New Feature: Audio Component

Hello everyone, I’m happy to announce the release of the Audio component that will be available on the nightly builds. The primary purpose of this component is to allow users to play audio in Perspective, providing both the component, scripting functions for the component, and events. Of course, how can we forget the opportunities to Rick Roll your fellow operators.

The Audio component comes in two flavors that is driven by the display property of the component. By default, the display property Audio component is set to false. This allows designers to add audio without having to worry about the component affecting document flow and the layout of their Views. Instead, one can use the provided scripting functions to play/ pause media files. When the Audio component is set to be displayed, the Audio component will use the user agent’s default UI for controls. Here is an example of the Audio component in Chrome:



source: string - The URL of the media file.
play: boolean - The play state of the media file. Will be kept in sync with with the user agent’s UI controls and any scripting functions called.
loop: bolean - Determines if the media file should be looped.
volume: number - Determines the volume of the media file.
playbackRate: number - Determines the playback rate of the media file. Note: Some browsers may mute the audio if certain ranges of playback rate are exceeded.
allowDownload: boolean - Determines if the browser’s UI should display the download button. This depends whether or not the specific user agent implements the UI with a download button.
display: boolean - Determines if the Audio component should be rendered.
style: StyleObject - The style of the Audio component.


onPlay - Event fired when the media file is playing. Note: If the Audio component is set to loop, this event will fire on every loop.
onPause - Event fired when the media file is paused.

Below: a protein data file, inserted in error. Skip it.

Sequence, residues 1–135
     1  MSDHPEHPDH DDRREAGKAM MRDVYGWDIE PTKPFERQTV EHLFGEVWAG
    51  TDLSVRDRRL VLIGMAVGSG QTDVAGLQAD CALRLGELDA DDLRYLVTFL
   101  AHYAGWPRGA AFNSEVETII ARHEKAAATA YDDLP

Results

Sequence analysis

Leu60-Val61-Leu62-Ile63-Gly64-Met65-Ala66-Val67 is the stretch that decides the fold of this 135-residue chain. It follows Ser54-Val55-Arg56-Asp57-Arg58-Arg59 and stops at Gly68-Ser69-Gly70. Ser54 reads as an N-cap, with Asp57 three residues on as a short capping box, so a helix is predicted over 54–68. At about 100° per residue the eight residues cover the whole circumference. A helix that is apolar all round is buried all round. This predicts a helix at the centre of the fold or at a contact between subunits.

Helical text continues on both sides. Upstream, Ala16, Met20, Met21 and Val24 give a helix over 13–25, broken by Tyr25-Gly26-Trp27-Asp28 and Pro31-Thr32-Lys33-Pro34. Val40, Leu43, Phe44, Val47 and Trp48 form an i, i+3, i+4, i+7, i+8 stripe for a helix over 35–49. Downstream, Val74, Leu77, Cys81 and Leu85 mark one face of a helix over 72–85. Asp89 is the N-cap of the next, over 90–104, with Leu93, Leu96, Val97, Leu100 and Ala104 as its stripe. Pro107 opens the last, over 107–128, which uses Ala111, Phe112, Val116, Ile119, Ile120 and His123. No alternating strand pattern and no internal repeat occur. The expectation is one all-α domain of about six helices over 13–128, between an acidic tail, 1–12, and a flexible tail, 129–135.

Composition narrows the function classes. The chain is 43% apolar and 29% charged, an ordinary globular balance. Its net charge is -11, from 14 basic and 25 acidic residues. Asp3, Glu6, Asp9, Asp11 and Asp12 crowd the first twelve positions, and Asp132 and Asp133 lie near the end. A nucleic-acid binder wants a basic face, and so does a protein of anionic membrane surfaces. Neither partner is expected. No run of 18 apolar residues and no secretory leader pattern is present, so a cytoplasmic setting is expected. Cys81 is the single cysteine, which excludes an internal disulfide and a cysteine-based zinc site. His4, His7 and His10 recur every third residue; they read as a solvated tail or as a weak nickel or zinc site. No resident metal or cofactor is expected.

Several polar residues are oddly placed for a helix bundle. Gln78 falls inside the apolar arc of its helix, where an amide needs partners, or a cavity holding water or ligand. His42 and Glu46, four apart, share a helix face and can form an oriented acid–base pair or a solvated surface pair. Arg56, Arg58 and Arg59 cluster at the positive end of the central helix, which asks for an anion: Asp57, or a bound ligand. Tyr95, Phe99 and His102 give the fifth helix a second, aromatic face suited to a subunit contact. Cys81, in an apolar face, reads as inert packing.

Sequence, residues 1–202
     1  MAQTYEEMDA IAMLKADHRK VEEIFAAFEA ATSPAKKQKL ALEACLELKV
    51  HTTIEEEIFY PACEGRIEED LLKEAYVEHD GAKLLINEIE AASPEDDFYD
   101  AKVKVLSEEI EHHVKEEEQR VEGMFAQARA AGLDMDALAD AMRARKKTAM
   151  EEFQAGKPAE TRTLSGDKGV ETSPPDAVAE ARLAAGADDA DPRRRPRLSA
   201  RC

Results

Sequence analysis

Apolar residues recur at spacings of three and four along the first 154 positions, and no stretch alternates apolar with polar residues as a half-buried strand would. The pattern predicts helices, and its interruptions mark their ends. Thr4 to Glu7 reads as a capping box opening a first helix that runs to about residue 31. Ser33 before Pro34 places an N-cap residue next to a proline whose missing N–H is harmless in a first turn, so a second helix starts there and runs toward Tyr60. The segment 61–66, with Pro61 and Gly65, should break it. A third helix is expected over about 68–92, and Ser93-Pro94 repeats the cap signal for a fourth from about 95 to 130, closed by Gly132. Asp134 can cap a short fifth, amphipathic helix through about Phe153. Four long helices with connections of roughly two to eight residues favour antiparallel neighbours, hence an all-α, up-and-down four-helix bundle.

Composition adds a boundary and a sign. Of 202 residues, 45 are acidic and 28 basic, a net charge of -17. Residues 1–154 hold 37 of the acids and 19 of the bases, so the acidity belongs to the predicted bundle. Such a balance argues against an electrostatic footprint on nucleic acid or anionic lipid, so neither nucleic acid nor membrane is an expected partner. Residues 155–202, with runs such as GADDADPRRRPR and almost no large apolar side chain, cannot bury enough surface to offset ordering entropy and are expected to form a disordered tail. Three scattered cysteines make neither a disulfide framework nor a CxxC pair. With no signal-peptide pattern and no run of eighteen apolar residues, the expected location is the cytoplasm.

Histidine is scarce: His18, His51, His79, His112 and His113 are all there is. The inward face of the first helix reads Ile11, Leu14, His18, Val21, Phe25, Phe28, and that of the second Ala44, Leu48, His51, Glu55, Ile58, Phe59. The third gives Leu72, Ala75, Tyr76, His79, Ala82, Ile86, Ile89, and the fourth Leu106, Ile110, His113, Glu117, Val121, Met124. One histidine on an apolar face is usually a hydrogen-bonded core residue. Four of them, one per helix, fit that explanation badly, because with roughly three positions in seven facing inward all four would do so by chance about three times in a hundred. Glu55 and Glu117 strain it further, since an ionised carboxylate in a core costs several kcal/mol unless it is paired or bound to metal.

onError - Event fired when the Audio component encounters an error.

  • errorMessage: string - The message when encountering an error.

onEnded - Event fired when the media file has reached the end. Note: If the Audio component is set to loop, this event will fire on every loop.
onLoaded - Event fired when the media file has loaded its first playable frame. Note: Be aware that if the intention is to call play() in this event, some user agent’s may block you from doing so until the user has interacted with the client.
onRateChanged - Event fired when the media file playback rate is changed.

Scripting Functions

play() - Play the media file of the Audio component.
pause() - Pause the media file of the Audio component.
replay() - Set the time of the media file back to 0 and play the media file of the Audio component.

That concludes the overview. Feel free to give this component a try and post any feedback below. Thanks!

Got my image ready to go.


Will there be a video component in the future?

Hey Jordan,

The video player is already available as a component in Perspective, unless this is an elaborate ploy to troll me :laughing:.

Yay, now I can add twinkle noises every time someone clicks on a button :smiley:


I was more thinking of a randomized smoke detector chirp :sweat_smile:


Will the sound source file have to be local to the client, or can a source point to a file located on the gateway?

For anything in Perspective, you can safely assume that the source file cannot be local.

Hi @cmgriggs93,

Yes you can have a file located on the gateway. For example, you can upload an audio file through the WebDev module and use the mounted url as the source for the audio component.